If you are anything like me, you probably have a huge collection of photos from holidays and days out. A while ago I read an article about submitting your photos to online microstock agencies. The photos are added to the agency’s vast catalogue, and each time someone downloads one of your photos you receive a small payment.
I thought that among my thousands of photos there must be some reasonable ones. So I selected ten that I thought were OK, edited them slightly, and rather nervously sent them off to Shutterstock. I had no expectations, thinking my photos could not possibly be good enough for a professional picture agency.
So I was amazed when 8 out of the 10 were accepted. And even more amazed when a couple of days later two of my photos were downloaded by buyers.
I then started systematically going through my collection, selecting decent photos, editing them where necessary, and uploading them. I joined a few more agencies, and the acceptance rate has generally been high (90% plus). And I am gradually seeing more being downloaded by buyers.
The amount of money earned per download is tiny, but if you have lots of photos in lots of agencies, or if your photos are very popular, those small amounts can add up. And it is actually hugely satisfying when someone chooses one of your images!
Of course photo agencies are not interested in your typical family snaps. They are looking for technically good quality photos that are well composed and of interesting subjects. But they don’t need to be works of art or of a standard that only a trained professional photographer could hope to achieve.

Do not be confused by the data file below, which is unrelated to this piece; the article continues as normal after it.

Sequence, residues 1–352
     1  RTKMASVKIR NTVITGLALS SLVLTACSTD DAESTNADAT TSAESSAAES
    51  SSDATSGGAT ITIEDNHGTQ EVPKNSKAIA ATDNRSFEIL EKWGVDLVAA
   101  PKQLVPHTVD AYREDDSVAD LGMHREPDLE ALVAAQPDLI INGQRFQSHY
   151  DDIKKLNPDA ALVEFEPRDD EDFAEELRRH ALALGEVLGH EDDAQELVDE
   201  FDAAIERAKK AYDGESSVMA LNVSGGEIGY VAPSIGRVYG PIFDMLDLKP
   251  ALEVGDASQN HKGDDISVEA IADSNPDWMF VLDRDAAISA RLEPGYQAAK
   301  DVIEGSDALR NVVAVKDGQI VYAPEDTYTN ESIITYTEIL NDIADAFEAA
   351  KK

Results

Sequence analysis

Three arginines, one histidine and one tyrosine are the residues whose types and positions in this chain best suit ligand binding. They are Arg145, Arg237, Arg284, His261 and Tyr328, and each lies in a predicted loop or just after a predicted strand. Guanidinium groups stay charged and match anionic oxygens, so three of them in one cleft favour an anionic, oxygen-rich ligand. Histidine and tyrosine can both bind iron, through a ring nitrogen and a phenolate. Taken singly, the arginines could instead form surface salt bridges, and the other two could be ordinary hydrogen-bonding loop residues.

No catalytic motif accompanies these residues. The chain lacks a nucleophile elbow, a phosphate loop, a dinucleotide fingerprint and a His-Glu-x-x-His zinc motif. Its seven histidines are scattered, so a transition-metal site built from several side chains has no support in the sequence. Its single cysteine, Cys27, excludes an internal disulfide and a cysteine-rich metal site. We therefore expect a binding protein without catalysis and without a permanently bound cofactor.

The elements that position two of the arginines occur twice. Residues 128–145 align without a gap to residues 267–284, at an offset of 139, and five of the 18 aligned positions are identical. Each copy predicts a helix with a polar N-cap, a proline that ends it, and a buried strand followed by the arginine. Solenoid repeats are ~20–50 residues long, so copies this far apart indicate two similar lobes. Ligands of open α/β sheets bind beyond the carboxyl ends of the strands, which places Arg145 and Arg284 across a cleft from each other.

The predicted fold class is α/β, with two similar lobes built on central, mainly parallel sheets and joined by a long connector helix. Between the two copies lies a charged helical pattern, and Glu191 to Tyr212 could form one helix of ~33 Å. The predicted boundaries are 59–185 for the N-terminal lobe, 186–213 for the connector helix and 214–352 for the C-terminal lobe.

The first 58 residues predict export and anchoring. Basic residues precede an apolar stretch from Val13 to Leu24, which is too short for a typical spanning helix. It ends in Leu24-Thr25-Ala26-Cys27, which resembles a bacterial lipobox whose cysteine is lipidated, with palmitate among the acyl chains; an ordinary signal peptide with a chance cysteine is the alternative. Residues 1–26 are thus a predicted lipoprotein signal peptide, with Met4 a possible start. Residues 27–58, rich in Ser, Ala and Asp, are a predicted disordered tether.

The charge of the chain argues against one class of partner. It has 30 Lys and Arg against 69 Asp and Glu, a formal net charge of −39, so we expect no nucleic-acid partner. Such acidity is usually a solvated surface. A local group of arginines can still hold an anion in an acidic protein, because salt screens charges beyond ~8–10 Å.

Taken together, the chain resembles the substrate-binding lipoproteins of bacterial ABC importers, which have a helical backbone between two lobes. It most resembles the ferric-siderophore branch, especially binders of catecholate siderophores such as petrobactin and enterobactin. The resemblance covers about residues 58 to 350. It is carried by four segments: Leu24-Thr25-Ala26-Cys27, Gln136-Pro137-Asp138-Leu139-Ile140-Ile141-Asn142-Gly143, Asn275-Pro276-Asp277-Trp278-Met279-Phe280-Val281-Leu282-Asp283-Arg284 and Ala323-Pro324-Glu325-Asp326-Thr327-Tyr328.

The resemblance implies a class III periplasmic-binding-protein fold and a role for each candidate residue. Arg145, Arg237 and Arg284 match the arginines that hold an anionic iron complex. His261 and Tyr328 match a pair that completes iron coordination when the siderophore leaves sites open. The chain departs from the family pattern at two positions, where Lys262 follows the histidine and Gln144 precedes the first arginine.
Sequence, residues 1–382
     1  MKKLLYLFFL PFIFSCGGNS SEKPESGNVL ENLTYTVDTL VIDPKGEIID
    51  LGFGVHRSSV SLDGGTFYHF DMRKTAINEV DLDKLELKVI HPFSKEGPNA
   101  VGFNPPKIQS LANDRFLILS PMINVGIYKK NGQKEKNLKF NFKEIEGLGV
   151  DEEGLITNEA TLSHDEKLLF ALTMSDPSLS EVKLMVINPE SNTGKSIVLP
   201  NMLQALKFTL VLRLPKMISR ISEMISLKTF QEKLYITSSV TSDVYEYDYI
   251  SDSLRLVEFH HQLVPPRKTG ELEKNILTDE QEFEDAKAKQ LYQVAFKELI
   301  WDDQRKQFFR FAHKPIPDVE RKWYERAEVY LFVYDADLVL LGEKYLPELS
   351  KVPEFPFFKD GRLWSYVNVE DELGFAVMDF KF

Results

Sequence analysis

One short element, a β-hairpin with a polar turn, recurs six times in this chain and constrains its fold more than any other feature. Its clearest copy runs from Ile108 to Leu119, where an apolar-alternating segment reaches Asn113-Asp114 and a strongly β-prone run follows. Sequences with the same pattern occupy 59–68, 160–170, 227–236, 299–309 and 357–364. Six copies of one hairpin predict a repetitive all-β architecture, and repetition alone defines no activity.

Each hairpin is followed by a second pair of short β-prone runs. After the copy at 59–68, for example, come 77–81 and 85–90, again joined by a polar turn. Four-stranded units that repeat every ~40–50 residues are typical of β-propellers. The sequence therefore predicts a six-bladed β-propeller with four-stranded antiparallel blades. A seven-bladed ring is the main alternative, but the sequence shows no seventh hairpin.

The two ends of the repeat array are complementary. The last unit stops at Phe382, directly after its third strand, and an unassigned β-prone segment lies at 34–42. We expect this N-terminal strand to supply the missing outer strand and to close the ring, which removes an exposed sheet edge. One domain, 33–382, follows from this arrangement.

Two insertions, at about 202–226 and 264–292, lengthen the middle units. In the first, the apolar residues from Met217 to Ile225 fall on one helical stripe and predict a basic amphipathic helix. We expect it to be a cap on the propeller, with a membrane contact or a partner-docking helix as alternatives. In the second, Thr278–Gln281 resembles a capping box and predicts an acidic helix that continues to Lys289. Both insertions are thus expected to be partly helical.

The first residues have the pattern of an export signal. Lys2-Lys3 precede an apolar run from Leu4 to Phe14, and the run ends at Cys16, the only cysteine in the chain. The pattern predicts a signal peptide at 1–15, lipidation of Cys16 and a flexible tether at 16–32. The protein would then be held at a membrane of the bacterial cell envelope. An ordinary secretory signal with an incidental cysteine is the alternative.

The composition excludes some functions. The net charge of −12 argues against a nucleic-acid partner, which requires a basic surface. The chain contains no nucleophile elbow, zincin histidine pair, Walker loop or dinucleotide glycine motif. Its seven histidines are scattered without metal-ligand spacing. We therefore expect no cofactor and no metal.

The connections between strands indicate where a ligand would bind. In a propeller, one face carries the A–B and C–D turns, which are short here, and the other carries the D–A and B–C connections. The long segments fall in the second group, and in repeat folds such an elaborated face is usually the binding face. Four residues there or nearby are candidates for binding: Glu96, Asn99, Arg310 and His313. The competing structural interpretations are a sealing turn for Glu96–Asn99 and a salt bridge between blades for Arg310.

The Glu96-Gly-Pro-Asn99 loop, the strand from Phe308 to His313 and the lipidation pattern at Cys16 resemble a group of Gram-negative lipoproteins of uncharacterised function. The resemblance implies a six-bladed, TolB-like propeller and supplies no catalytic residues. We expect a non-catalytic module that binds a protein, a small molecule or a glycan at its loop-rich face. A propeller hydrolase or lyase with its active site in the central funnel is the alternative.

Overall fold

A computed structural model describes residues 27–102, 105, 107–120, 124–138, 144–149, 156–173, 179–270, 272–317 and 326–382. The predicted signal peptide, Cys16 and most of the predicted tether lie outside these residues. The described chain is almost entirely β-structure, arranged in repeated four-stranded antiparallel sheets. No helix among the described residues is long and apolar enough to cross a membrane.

And they don’t need to be taken with a hugely expensive camera. The photos on this page have all been accepted by one or more agencies. Some were taken with a Canon Powershot, and some were taken with my phone. For more examples see my portfolio at Shutterstock.
If you are interested in having a go, here are some general points to note:
- Most agencies will accept JPG files that are a minimum of around 4 MP (e.g. approx. 2400 x 1600 pixels). Note that the 4 MP refers to the pixel count, not the file size (which is in MB).
- If you edit a photo, make sure you check the pixels again after editing it – even a small change can drastically reduce the number.
- The photos must be good quality – the main subject should be well composed, correctly exposed and in sharp focus without distracting objects in the frame of view.
- If there are recognisable people, property or brand names in your photo you will need to submit a release form – these are available from the agencies’ sites where further guidance is available. If you are not sure you can just submit the photo – the agency will let you know if a form is required.
- You will need to think of keywords for the images you submit. These are very important because they are how people searching the site will find your image. Think carefully about what words people might use if they are looking for an image like yours. Some agencies will suggest keywords for you and you can select the ones that fit best. Remember that there are literally millions of images in the database, so it is important for yours to be found.
Because the agencies’ collections are so vast it is good if your photos are of unusual subjects or places, or have features that make them stand out.
Of course it isn’t just travel photos – buyers are looking for all sorts of photos for all sorts of purposes. If you have photos relating to a hobby such as gardening, crafts, pets or cookery they could definitely be worth considering.
If you fancy having a go, Shutterstock and Dreamstime are good places to try. Have a look at their websites, and search for photos similar to yours to see what else is in their catalogues. Not all of the images are like the unachievable ones on the front pages!
Why not give it a try – after all you have nothing to lose.